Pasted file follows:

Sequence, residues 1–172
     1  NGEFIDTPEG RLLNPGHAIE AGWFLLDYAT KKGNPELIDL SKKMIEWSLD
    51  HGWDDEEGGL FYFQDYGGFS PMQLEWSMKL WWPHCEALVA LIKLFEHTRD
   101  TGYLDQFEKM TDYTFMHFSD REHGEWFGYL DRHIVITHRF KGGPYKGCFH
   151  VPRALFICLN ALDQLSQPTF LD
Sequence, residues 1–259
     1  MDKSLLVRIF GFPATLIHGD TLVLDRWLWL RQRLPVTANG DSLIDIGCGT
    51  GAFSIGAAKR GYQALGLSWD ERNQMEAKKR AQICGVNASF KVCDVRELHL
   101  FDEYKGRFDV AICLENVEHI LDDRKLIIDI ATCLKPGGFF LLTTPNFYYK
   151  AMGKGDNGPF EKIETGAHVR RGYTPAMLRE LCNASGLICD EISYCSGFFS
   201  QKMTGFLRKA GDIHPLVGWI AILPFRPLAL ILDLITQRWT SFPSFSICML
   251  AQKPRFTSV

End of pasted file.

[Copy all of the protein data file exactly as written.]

Sequence, residues 1–172
     1  NGEFIDTPEG RLLNPGHAIE AGWFLLDYAT KKGNPELIDL SKKMIEWSLD
    51  HGWDDEEGGL FYFQDYGGFS PMQLEWSMKL WWPHCEALVA LIKLFEHTRD
   101  TGYLDQFEKM TDYTFMHFSD REHGEWFGYL DRHIVITHRF KGGPYKGCFH
   151  VPRALFICLN ALDQLSQPTF LD
Sequence, residues 1–259
     1  MDKSLLVRIF GFPATLIHGD TLVLDRWLWL RQRLPVTANG DSLIDIGCGT
    51  GAFSIGAAKR GYQALGLSWD ERNQMEAKKR AQICGVNASF KVCDVRELHL
   101  FDEYKGRFDV AICLENVEHI LDDRKLIIDI ATCLKPGGFF LLTTPNFYYK
   151  AMGKGDNGPF EKIETGAHVR RGYTPAMLRE LCNASGLICD EISYCSGFFS
   201  QKMTGFLRKA GDIHPLVGWI AILPFRPLAL ILDLITQRWT SFPSFSICML
   251  AQKPRFTSV